Warm Colors Apiary Honey Festival to celebrate ‘amazing little creature’
The Recorder, September 12, 2018, by Domenic Poli
Honeybees pollinate one-third of the American diet and are said to be the only insect from which humans derive food.
And roughly 15 years ago, Warm Colors Apiary in Deerfield decided it was time to celebrate the little buzzers.
“They’re really an amazing little creature,” said Bonita Conlon, who owns the 80-acre apiary with her husband, Dan. “It does so much for us.”
The festival is slated for 10 a.m. to 4 p.m. on Saturday. The free event will feature honey-inspired treats and educational programs.
“It’s not a big fanfare-type event,” Bonita said. “It’s family friendly.”
Dan Conlon said the event typically draws 300 to 400 people throughout the day. He said there will be guest cooks, including UMass Dining Assistant Manager and Assistant Pastry Chef Pamela Adams, present to talk about cooking with honey. He said he will deliver a presentation on the health of bees and pollinators at 10:30 a.m. and he hopes state Chief Apiary Inspector Dr. Kim Skirm will be able to visit to share her knowledge of bees.
“It’s basically our way of saying, ‘It’s the end of the season. Come try the honey we got this year,’” he said. “If the weather’s nice, it’s a good time to visit the apiary.”
Bonita explained some companies that use Warm Colors Apiary honey in their products will have items for sale at the festival. She said Flayvors of Cook Farm in Amherst makes ice cream that will be available. Honey-made products from Just Soap in Ashfield will also be present and the Artisan Beverage Cooperative will sell its mead. Bonita said there is good attendance each year.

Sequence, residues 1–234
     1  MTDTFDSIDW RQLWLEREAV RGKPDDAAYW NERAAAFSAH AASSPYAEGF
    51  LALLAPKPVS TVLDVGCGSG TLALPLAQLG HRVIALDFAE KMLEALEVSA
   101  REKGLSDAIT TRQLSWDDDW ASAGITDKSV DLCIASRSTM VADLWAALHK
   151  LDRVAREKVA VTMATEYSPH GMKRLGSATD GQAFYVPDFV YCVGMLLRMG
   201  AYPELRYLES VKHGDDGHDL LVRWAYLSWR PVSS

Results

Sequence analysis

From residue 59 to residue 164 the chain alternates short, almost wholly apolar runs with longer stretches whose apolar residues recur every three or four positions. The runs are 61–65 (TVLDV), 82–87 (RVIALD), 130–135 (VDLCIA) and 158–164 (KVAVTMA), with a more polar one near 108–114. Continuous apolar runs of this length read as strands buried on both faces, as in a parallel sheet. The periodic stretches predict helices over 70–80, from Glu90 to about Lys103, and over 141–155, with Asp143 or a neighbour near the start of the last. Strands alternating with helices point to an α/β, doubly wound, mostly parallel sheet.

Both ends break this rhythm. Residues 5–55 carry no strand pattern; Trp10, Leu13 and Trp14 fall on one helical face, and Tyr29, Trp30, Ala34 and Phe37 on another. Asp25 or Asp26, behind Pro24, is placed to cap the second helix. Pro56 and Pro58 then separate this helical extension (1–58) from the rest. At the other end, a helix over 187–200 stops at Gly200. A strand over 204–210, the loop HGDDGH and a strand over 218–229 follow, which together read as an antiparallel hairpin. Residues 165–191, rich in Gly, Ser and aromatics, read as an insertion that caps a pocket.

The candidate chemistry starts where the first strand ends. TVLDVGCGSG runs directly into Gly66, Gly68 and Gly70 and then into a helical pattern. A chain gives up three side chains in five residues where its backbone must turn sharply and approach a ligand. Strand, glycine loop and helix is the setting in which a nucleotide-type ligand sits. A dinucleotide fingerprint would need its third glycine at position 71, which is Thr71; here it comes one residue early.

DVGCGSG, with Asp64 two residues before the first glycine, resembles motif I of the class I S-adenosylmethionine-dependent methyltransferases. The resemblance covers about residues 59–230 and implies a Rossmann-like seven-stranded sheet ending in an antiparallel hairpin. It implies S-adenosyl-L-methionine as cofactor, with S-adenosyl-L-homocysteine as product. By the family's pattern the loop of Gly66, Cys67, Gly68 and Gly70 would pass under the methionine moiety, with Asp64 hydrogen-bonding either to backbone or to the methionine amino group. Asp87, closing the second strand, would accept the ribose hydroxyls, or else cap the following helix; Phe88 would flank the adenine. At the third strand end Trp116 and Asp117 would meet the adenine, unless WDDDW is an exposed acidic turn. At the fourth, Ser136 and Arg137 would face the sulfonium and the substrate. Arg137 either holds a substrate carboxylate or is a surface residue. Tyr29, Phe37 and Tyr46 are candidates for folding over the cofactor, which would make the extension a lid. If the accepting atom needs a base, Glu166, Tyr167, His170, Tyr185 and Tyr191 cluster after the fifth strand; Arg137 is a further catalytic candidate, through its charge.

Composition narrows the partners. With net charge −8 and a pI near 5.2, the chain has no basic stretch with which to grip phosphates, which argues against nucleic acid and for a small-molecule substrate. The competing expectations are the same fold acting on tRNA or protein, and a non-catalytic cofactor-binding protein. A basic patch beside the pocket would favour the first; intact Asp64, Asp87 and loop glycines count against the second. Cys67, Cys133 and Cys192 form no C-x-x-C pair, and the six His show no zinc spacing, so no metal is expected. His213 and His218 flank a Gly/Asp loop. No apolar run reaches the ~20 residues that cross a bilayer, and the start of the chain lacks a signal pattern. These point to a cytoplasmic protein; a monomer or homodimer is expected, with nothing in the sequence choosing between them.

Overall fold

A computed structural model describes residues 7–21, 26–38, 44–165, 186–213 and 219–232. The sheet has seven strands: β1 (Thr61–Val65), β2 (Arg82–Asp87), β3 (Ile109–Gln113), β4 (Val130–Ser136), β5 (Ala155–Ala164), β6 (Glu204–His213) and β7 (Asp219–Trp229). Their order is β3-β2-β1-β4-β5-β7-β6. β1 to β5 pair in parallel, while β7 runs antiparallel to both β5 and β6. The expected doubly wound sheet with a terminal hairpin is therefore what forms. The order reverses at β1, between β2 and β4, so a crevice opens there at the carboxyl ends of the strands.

“It’s a turnout we’re happy with,” she said. “People come back year after year because they know … they can learn something, it’s educational, they can be amazed. It’s just a lovely day.”
Dan Conlon said many out-of-staters and UMass students visit.
He said he has about 200 hives on site, and about 1,200 scattered throughout the state. He said there are typically 40,000 to 50,000 bees per hive. A good queen bee, he said, lays 1,500 eggs per day, meaning there are usually 1,500 new bees every 21 days. According to him, queens can live several years, while worker bees die in about six weeks.
Bonita said the apiary is part of Community Involved in Sustaining Agriculture in Deerfield and in June received a 2018 Local Hero Award from CISA, getting a letter from the U.S. Congress commemorating it.
Reach Domenic Poli at email@example.com or 413-772-0261, ext. 262.